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Sun 17 May 2009 04:00 AM

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Banking on success

Shayne Nelson, the regional boss of Standard Chartered tells CEO Middle East how the bank aims to solidify its presence in the Middle East.

Banking on success
Shayne Nelson, Regional Chief executive of Standard Chartered.
Banking on success

Shayne Nelson, the regional boss of Standard Chartered tells CEO Middle East how the bank aims to solidify its presence in the Middle East.

Standard Chartered PLC, listed on both London and Hong Kong stock exchanges, ranks among the top 25 companies in the FTSE-100 by market capitalisation. The London-headquartered Group has operated for over 150 years in some of the world's most dynamic markets, leading the way in Asia, Africa and the Middle East. Its income and profits have more than doubled over the last five years primarily as a result of organic growth and supplemented by acquisitions.

Over the past 50 years, how have you seen banking in the Middle East evolve? How did Standard Chartered perform last year?

The Middle East region plays a critical role in delivering Standard Chartered's brand promise to lead the way in Asia, Africa and the Middle East.

For 80 years Standard Chartered has played a role in the development and shaping of the banking industry in the Middle East. We started operations in Bahrain in 1920 and we are the oldest bank in Bahrain, Qatar and Jordan. Over the years, the banking sector in the region has grown significantly; just in the UAE, the number of banks has grown to over 50 to cater to a population of 4.5 million.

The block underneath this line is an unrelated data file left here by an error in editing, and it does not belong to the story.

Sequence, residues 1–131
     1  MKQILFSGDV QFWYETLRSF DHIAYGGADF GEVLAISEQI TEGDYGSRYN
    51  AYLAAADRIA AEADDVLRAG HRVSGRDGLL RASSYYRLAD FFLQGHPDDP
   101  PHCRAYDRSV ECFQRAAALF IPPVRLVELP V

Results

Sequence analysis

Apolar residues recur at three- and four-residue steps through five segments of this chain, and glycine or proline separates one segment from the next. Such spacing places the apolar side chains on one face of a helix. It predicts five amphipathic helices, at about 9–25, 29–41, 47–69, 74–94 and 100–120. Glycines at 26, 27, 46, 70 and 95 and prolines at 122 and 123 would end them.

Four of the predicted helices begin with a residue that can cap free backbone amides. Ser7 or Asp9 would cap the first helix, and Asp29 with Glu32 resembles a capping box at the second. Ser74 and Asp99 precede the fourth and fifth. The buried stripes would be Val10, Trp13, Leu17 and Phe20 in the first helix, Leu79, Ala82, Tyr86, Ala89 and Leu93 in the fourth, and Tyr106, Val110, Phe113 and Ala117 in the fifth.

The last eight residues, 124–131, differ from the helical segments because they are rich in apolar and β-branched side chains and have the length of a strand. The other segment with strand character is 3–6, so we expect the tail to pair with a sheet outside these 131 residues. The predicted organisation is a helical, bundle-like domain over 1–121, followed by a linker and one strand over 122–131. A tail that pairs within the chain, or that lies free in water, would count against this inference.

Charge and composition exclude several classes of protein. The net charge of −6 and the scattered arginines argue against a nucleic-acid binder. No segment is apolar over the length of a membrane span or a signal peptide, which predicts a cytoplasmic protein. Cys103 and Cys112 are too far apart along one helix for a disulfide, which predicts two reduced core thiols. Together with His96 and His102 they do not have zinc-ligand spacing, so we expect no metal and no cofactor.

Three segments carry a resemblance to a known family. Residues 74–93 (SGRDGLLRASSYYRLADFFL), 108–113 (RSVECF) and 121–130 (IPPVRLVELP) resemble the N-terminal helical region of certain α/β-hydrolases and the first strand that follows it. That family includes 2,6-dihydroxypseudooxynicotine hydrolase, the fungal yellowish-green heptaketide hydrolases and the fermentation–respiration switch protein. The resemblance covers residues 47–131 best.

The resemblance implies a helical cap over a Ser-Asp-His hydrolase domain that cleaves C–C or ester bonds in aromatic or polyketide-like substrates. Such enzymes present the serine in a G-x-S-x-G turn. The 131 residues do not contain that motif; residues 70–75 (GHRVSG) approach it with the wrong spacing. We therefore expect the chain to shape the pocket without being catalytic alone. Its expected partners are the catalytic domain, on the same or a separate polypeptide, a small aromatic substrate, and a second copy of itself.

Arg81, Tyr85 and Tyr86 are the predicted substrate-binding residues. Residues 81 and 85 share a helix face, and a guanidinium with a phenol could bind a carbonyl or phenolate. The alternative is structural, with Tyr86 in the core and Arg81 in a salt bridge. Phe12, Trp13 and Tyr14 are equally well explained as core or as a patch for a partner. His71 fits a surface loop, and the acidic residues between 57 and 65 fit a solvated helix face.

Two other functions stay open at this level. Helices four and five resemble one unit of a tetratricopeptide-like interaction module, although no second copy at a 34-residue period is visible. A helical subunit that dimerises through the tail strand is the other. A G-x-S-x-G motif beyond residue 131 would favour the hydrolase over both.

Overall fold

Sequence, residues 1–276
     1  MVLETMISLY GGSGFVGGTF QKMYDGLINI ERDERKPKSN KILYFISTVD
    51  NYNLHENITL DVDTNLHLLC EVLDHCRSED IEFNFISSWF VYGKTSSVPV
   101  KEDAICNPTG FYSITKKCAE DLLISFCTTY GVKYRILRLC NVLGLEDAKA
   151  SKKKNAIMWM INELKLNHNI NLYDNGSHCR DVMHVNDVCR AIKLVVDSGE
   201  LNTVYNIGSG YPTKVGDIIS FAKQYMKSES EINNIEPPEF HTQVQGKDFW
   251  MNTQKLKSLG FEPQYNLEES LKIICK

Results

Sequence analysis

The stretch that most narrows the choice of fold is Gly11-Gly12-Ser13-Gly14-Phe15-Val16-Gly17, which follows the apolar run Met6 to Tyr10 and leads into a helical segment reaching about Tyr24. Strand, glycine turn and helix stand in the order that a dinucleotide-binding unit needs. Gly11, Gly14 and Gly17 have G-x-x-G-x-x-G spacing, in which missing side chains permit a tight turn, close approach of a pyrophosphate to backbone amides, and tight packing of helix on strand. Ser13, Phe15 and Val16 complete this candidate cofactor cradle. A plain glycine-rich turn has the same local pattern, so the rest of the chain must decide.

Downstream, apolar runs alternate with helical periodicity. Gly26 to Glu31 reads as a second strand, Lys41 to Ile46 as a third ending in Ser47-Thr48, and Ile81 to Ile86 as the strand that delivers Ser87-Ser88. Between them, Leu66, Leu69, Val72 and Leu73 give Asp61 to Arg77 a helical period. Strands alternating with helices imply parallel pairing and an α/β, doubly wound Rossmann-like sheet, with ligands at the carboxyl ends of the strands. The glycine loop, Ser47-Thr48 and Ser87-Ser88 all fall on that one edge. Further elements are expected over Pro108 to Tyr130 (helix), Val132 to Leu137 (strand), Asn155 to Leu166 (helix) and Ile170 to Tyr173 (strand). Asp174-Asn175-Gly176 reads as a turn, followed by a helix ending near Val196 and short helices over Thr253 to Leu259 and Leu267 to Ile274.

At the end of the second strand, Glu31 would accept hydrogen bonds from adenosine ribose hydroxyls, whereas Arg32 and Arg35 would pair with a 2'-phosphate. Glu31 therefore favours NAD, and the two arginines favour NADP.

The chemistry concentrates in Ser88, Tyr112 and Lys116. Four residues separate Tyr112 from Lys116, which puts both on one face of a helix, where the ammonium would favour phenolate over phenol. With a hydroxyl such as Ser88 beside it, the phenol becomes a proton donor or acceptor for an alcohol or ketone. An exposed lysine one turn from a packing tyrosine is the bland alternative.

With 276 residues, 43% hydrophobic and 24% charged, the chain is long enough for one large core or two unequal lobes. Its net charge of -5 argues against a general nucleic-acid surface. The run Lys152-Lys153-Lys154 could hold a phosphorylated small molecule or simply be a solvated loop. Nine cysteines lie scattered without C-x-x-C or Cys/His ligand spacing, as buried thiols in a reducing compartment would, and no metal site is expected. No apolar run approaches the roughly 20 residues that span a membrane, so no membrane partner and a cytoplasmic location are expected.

The region as a whole has enjoyed good growth momentum, especially in the UAE where we had a huge boom in property prices. We are now seeing a substantial reduction and in my opinion, it will be good for the UAE as it will make us more cost competitive and would be better for the country in the long run.

The economic outlook for UAE is pretty good at the moment with our forecast for 0.50 percent GDP growth, which is quite reasonable given the current market condition. Most of our markets in the region have reasonable GDP growth. Having worked through the previous Asian financial crisis, what I am seeing in the Middle East is nowhere as bad as what happened back then in Asia.

In terms of performance, our global operating profit increased by 13 percent to $4.6bn with income growth up by 26 percent to $13.97m. In our MESA group reporting, our operating profit was up by 25 per cent and in the UAE our wholesale banking revenue was up by 80 percent. During the most challenging last quarter of 2008, we remained open for business supporting clients through the "storm".

There are a few reasons why we performed so well across the globe. First, our revenue mix is quite different from most international banks. We don't have a large concentration in Americas and Europe; in fact any operations there are mostly outbound businesses. Our focus is mainly our footprint markets where we can utilise our strengths to the maximum.

Globally, our strategy is bringing the best services to our stakeholders, which means our business initiatives are always customer-centric. Our experience in challenging markets has provided us the ability to respond to our customers' needs effectively.

How do you see the bank's performance in first half of 2009?